Neither the transformer nor the caps are perfect, this will limit the inrush current a lot. Don't worry. And even lowly 1n4001 have a 30A peak rating on surge (just don't use 1n4148 for PS, they have higher drop than 1n4001).

post #9 of 16
Quote:
Originally Posted by yawg3d View Post

Do I need some form of inrush current limiting for those caps? The simulation shows 7A of charging current during the first charging phase, which is way too much for my AC Adapter and the diodes of course. Are there any real-world effects which do not show up in the situation and help prevent this? If not, what should I do?

 

Add 1.53 ohms of series resistance in your 9Vac spice voltage source model (or just add a 1.53R resistor in series with your ideal voltage source).  That is the secondary series resistance I just measured on a CUI EPA090100-P5-SZ 9Vac 1A wall wart that I have

 

http://www.digikey.com/product-search/en?x=0&y=0&lang=en&site=us&KeyWords=epa090100-p5-sz

 

Like 00940 says you will find that will dramatically lower the charging current in the input filter caps and through the transformer secondary (and diodes).  It can still be significant however, and you need to make sure the ripple current rating of those capacitors from their data sheet is adequate.  Remember to de-rate the capacitor's ripple current for frequency by the little table the cap data sheets give.  At 50/60 Hz the rated ripple current (often given at 100kHz in the data sheet tables) is usually only 0.6 or so of the listed value.  You may (probably) need to use two of the 2200 caps in parallel to split the ripple/charging current spike between them to stay within bounds, if the de-rated ripple current of one 2200uF is not enough. I would leave at least 20% overhead (extra) on that de-rated ripple number on each cap.

 

Also consider using a LT1963A (positive) and LT3015 (negative) adjustable regulator adjusted for +/-8V, respectively, instead of the LM fixed voltage regulators. Both of those LT low dropout voltage regulators only need about 0.5V across them at 250mA which would recover that 1.5V you are short on each rail.  Both LT regulators also have significantly better noise ratings than the older LM parts.  The LT regulators don't need those protection diodes across them either. The downside is more expensive and a few more parts on each (resistors and one small capacitor) to set the voltage.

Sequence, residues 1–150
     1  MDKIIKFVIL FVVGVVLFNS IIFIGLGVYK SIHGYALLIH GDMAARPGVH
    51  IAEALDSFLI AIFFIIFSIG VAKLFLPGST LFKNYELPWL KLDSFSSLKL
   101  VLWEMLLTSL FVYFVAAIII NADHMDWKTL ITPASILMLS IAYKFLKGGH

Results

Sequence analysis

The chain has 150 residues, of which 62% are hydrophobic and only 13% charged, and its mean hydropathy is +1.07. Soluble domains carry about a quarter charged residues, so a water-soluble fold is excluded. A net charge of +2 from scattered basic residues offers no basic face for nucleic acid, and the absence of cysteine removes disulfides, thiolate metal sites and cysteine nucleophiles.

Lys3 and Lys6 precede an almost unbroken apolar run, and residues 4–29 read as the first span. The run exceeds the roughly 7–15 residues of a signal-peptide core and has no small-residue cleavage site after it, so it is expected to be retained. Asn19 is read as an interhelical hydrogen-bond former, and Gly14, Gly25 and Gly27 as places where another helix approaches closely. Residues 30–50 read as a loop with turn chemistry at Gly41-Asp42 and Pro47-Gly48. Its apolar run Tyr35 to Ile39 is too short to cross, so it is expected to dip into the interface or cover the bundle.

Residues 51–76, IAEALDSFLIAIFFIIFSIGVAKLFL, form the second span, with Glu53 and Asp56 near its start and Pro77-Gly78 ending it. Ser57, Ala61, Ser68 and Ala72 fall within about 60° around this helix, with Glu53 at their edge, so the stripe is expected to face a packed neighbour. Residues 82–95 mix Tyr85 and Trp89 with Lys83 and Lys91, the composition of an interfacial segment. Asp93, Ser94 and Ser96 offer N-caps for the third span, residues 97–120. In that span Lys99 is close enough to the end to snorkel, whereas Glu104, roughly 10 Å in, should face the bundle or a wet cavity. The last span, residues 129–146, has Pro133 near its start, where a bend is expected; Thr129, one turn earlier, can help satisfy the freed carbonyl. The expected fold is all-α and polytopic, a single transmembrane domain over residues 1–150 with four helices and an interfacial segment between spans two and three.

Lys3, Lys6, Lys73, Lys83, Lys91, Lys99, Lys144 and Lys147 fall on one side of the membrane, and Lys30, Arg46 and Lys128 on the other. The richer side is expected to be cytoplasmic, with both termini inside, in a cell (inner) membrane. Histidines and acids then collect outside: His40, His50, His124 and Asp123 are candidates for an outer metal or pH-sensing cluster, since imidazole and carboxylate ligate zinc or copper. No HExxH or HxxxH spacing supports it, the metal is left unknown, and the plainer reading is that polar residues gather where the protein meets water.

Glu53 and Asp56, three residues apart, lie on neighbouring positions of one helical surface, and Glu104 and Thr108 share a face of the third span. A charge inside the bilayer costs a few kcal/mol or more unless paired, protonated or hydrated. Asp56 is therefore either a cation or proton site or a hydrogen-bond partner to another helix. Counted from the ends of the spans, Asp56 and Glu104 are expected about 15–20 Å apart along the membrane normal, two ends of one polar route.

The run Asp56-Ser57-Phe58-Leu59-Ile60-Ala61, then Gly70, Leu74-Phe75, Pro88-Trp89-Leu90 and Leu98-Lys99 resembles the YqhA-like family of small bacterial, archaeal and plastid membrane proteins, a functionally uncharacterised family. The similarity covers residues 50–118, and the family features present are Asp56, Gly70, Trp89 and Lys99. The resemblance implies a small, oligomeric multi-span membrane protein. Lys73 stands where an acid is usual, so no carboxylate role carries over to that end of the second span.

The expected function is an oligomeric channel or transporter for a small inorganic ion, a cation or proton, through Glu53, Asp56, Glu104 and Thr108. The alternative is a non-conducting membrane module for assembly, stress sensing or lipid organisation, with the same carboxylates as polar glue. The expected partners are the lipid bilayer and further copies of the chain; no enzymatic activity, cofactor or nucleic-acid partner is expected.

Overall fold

And consider going with Schottky rectifier diodes, like the STPSL260

 

http://www.mouser.com/ProductDetail/STMicroelectronics/STPS2L60/?qs=sGAEpiMZZMtQ8nqTKtFS%2fBdOQ7hRVdjrGbiVpKcsU7g%3d

 

that would only have about 0.2Vdc of voltage drop at 250mA vs. the 0.7Vdc or so for the standard silicon rectifiers.  That would recover another 0.5V or so that you are loosing on each rail. The Schottky's don't have quite as large of a current surge rating so that is why I've picked a 2A unit here. If you want to add a snubber to reduce any chance of secondary ringing caused by the rapid switching of the Schottky's, add a 0.01uF cap across the 9Vac line near the diodes, followed by a 0.068uF in series with a 110R resistor, also across the 9Vac line.  The 0.01uF cap lowers the ringing frequency while the 110R resistor dissipates the energy.  For the details see Hagerman's famous paper